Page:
Local talents will be performing western style music and poetry at Alice’s Champagne Palace at 5 p.m. May 18 at the annual Cowboy Cabaret sponsored by the Kachemak Bay Equestrian Association.
On the program are the Homer Ukulele Society (starring former Homer Mayor Jim Hornaday), the S-Curves (Sunrise Kilcher, Sally Wells, Sue Butler and Sharon Schultz). East End cowboy Mark Marette will be the master of ceremonies.
Other performers just show up, while more are expected to call to be included in the show, according to a key organizer Tim Quinn.
Since 1991, Bunnell Street Art Center has been the focus of creativity in Old Town at the corner of Bunnell and Main, before the new parts of Homer grew up. Once again, their art on plates is drawing members and attention.
Art Plates, created this year by numerous local artists, became available at $100+ membership levels on May 11, and those who support Bunnell Street Arts Center at higher levels, $250+, were invited to select their 2013 Art Plates earlier. But many are still available for people wishing to support the art center.
The Plate Project is coordinated by Homer potter, Ahna Iredale and sponsored by many popular local artists who generously created the plates.
Along with returning snow geese, dunlins and sandhill cranes comes an evening of poetry and song as part of Kachemak Bay Shorebird Festival’s 10th-anniversary celebration.
The production by singer/songwriter Sunrise Kilcher reaches out to poets and musicians each year. This year, she’s putting the spotlight on the Seaside Singers, a collection of women who have kept right on singing since 1975. Alathea Clymer, one of the original members, recalled the first time Joan Evans decided to form the group.
“She looked at me and said, ‘you’re going to be in it,’ and I was. I can’t read sheet music, but I’ve been singing my whole life,” Clymer said.
A confessional covered in golden saffron fabric will sit poised on the edge of the bluff over Bishop’s Beach on First Friday.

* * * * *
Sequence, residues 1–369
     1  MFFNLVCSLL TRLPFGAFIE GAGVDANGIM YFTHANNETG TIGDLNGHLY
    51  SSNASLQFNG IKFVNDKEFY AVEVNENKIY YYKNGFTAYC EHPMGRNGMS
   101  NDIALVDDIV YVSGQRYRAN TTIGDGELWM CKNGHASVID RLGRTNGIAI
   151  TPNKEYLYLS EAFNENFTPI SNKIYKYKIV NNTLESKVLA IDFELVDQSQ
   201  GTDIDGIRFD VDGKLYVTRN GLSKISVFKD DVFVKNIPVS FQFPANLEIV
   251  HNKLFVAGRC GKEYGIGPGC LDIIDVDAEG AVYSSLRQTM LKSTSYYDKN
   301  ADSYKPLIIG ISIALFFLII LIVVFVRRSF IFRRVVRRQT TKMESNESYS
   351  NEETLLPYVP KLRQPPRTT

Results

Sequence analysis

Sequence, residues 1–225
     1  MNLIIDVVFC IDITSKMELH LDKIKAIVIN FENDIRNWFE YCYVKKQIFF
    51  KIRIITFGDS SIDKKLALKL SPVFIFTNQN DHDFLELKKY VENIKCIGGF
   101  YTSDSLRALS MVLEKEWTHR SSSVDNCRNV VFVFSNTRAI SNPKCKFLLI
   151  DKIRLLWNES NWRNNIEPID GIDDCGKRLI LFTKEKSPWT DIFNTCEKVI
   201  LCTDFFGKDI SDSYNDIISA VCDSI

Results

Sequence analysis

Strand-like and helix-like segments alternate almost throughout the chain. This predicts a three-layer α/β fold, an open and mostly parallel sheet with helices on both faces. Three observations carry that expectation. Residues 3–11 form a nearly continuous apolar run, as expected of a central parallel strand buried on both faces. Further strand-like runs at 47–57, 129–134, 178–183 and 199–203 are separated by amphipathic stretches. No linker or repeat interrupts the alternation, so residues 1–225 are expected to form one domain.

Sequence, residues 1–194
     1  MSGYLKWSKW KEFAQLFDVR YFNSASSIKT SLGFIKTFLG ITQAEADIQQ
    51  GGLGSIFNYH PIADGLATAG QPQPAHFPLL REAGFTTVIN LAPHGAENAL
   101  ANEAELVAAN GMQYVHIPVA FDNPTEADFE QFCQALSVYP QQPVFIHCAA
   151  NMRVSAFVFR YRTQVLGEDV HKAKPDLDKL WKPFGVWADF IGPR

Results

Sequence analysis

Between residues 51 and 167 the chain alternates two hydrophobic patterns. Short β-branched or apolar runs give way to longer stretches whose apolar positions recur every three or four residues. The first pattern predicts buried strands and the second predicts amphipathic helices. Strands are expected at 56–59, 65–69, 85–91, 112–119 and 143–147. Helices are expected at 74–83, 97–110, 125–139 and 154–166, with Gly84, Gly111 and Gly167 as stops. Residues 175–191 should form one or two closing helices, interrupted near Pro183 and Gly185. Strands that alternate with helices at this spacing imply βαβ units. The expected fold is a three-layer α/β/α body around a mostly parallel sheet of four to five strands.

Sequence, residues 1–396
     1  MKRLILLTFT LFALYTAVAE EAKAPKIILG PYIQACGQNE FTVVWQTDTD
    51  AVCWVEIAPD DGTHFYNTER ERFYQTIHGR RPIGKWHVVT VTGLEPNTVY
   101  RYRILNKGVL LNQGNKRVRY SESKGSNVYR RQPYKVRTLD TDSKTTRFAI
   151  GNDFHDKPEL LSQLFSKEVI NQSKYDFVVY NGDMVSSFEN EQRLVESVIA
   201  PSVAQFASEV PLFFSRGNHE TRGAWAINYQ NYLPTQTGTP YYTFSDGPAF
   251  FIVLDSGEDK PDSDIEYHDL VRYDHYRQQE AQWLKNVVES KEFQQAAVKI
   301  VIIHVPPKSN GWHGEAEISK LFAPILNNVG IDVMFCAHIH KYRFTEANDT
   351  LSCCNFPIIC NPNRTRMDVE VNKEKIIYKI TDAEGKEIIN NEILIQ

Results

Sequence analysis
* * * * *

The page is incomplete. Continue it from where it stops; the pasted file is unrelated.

Bunnell Street Art Center’s participatory art events allow for direct experience, courtesy of a group called “Cosmic Agents.”
The agents are talented creative people ages 35 and under who are shaping town art culture: painters, film makers, photographers, musicians, actors, yoga teachers, burlesque dancers, writers, poets, activists, farmers and anything in between.
A visual treat awaits in store for the First Friday lineup in Homer this week, from a day-long range of activities at Bunnell Street Arts Center that includes setting works of art on fire to a Plein Air gathering at Picture Alaska Art Gallery.
Cosmic agents sponsor an Old Town art event Viva el Arte is an arts “happening” conceived by Homer’s Cosmic Agents, an art corps convened by Bunnell Street Arts Center, celebrating youthful energy, experiment, ideas and community. Viva el Arte is an evening event open to everyone. It follows the First Friday art opening at Bunnell [...]
Gwartnery workshop May3-5 UAA’s Kachemak Bay Campus of Kenai Peninsula College is holding registration for the upcoming spring writing workshop to be conducted by Debra Gwartney. Gwartnery is the author of the memoir Live Through This. She was a finalist for the National Books Critics Award and 2012 Kachemak Bay Writers’ Conference presenter. The workshop, [...]
The First Friday circuit this week features new gallery offerings, an Intuitive Arts opening with an emphasis on springtime’s pending arrival and some fresh young works by Paul Banks Elementary school artists.
Art exhibits at First Friday gallery openings seem bent on helping viewers if they have winter blues and long for spring to get here for more of an outdoor life.
The March show at Ptarmigan Arts Back Room Gallery is titled Sticks and Stones and features nature inspired art from Ptarmigan artist Deb Lowney and Dan Fischer. This collaboration features media including: driftwood, beach stones, and pushki stalks. Many of the shows pieces are suitable for both indoor and outdoor display.
If it’s possible to make yarn pop in the pinks of fireweed flowers or shine like the northern lights, a pair of Homer fiber artists have got it down.
Yarn dyed in an old fashioned process mimics the lavender of lupines, an Arctic autumn and the not-easy-to-catch blues of Kachemak Bay. Jules Joy and Sarah Browngoetz, owners of the Knitty Stash, hung in there with a business idea and it is starting to pay off. The special line of yarn, called the Alaskan Yarn Co., will soon be sold in shops in Anchorage and Fairbanks, with inquiries from around the state. They offer a variety of other yarns, including musk ox qiviut.
It took about nine months to a year to get the colors right in their speciality line, Joy said. They use commercial dyes and mingle the palette.
“I took a picture of fireweed and mixed colors until I felt I had the right mixture.” The yarn is dyed in their gallery shop, located on Main Street. They formerly operated at the Yurt Village, but grew large enough to move.